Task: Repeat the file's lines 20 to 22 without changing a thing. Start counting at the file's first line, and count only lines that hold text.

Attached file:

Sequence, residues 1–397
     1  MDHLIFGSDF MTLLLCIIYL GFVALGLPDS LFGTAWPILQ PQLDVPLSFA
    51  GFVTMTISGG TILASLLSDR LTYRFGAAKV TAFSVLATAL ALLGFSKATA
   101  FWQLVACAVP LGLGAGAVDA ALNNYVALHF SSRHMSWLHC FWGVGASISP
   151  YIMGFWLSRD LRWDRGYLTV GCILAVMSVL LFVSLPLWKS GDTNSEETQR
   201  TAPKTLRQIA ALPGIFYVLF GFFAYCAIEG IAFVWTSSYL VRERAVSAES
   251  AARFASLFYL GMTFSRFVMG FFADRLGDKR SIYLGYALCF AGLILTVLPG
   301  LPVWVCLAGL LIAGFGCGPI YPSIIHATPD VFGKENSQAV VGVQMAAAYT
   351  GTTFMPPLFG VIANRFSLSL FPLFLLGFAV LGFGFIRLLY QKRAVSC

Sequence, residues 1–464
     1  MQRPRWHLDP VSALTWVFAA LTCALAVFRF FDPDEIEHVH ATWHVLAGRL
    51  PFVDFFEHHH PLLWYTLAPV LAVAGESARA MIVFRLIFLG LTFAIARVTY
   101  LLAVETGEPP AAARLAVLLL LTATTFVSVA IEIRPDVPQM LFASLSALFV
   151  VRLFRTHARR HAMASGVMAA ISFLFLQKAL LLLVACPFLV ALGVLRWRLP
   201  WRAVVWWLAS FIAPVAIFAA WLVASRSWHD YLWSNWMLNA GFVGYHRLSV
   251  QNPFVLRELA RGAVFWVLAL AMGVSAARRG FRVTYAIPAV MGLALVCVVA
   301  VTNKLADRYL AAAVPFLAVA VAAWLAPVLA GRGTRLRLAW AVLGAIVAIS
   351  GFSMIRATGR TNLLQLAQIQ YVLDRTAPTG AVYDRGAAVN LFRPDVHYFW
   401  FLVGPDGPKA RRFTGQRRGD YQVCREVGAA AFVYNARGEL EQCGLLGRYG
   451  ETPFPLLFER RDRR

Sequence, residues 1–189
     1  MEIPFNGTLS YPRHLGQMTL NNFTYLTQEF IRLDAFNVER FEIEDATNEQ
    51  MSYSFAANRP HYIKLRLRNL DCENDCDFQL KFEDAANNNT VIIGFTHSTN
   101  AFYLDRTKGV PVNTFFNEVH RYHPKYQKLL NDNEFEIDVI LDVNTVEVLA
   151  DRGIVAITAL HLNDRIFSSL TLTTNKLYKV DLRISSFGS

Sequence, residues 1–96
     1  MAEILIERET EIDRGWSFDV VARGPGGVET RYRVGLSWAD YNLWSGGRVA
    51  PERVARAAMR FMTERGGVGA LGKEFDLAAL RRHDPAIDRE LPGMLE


   451  ETPFPLLFER RDRR

Sequence, residues 1–189
     1  MEIPFNGTLS YPRHLGQMTL NNFTYLTQEF IRLDAFNVER FEIEDATNEQ